Invest in France
For more information on setting up in France or read testimonials of American compagnies already conducting business in France, visit The Invest in France Agency’s website. The IFA is the national agency responsible for promoting and facilitating international investment in France :
Why Choose France?
1- Competitive and Globalized
International companies choose France because of its strategic position at the heart of Europe, the largest market in the world with 500 million consumers, and because of its membership of the euro zone, which offers the advantages of a single currency in 13 different countries.
With 65 million inhabitants, France is the second-largest consumer market in Europe after Germany and the fifth-largest economy in the world, with a GDP of US $2,670 billion in 2010. 80 million tourists visited the country in 2008.
23,463 foreign companies currently have a base in France, employing over 2.3 million people, double the figure only 10 years ago. Foreign companies in France produce 40% of French exports and perform more than 20% of R&D conducted in France.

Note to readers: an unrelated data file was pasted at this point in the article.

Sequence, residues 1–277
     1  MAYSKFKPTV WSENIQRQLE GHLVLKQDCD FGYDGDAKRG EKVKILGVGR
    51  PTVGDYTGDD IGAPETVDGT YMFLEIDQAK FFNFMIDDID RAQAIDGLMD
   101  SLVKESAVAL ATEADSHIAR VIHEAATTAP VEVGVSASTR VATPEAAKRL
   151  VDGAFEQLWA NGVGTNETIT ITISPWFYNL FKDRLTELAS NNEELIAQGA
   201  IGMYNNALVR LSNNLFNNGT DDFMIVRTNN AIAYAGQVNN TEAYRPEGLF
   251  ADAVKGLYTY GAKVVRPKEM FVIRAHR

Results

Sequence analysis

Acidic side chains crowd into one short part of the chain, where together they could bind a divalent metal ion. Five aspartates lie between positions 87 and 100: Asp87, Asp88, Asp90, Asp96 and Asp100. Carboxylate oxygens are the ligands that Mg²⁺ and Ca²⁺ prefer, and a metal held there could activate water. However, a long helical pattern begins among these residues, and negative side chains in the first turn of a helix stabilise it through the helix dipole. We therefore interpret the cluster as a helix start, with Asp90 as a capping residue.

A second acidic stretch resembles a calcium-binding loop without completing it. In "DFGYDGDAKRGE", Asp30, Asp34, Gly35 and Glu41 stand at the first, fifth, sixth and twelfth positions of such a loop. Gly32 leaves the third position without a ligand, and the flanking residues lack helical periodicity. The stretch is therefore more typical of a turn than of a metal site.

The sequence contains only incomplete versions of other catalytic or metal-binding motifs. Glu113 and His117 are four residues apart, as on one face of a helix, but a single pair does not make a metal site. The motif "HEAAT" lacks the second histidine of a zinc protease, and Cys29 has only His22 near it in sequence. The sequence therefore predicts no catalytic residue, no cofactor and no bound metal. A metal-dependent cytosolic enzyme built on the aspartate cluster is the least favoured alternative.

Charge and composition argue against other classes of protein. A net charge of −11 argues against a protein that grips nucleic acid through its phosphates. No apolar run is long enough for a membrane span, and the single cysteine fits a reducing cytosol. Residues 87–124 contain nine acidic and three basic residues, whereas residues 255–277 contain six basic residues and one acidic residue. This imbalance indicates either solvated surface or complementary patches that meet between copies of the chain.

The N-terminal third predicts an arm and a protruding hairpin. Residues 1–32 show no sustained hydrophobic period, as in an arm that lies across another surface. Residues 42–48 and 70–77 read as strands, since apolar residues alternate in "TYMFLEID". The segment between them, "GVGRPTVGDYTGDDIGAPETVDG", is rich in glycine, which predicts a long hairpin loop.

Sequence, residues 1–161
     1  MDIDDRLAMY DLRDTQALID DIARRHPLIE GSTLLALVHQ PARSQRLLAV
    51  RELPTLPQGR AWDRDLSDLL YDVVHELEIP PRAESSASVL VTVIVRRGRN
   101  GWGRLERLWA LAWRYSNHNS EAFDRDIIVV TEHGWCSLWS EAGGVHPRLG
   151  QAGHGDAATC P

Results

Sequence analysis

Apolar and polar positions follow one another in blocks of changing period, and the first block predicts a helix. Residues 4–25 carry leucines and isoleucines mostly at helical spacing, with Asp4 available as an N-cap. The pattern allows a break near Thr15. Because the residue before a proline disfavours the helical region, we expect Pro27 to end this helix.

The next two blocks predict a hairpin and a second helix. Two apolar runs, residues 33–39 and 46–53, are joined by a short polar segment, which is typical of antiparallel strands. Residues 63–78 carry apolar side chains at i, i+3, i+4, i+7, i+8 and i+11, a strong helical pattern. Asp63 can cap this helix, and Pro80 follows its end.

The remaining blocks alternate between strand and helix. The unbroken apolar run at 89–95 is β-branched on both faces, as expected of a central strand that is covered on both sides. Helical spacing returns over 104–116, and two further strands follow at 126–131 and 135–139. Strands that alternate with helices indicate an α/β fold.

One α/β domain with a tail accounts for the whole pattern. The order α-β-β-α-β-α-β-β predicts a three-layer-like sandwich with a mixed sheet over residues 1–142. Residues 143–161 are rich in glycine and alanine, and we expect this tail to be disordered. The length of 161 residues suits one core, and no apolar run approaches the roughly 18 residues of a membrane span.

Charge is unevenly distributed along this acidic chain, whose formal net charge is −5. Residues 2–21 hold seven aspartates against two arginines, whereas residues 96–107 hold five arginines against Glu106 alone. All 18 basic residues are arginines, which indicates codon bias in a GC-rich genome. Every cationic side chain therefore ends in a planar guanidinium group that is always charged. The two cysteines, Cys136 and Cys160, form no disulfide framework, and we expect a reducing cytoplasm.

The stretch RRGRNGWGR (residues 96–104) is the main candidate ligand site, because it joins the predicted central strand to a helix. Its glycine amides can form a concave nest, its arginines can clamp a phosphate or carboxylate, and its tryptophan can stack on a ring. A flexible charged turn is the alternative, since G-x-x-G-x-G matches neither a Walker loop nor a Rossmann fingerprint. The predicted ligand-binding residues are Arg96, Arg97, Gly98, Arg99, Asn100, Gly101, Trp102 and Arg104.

2- Innovation Comes First
France is the world’s third leading country in terms of hourly productivity (ILO). Productivity per worker, on both an hourly and an annual basis, is 20% higher than the European average.
The French labor force is highly qualified and versatile and adapts easily to new methods of working.
France’s education system – free and open to all – is recognized as one of the best in the world: France has 5 business schools considered to be among the top 12 in Europe according to the Financial Times’ latest rankings (HEC Paris, INSEAD, ESCP Europe, EM Lyon and Essec).
3- France is on the Move
Since 2007, many key factors in the French economy (labor law, tax system, corporate law, innovation and economic immigration) have been subject to major reforms which are helping to improve the business environment.
These reforms have been accompanied by strong support for an enterprise culture, particularly through the introduction of a simplified legal status for the self-employed (auto-entrepreneur status).
Labor law has been made more flexible, allowing employees to work longer hours, giving businesses greater freedom to organize employee working hours and ensuring greater democracy in the workplace.
Tax cuts have been introduced both for individuals – and expatriates in particular whose tax position has been further improved – and for companies, whose new investments are now exempt from local business tax. The removal of this tax on productive investments has applied to new investment flows as well as existing investments as of the beginning of 2010.
Corporate law has been simplified and modified.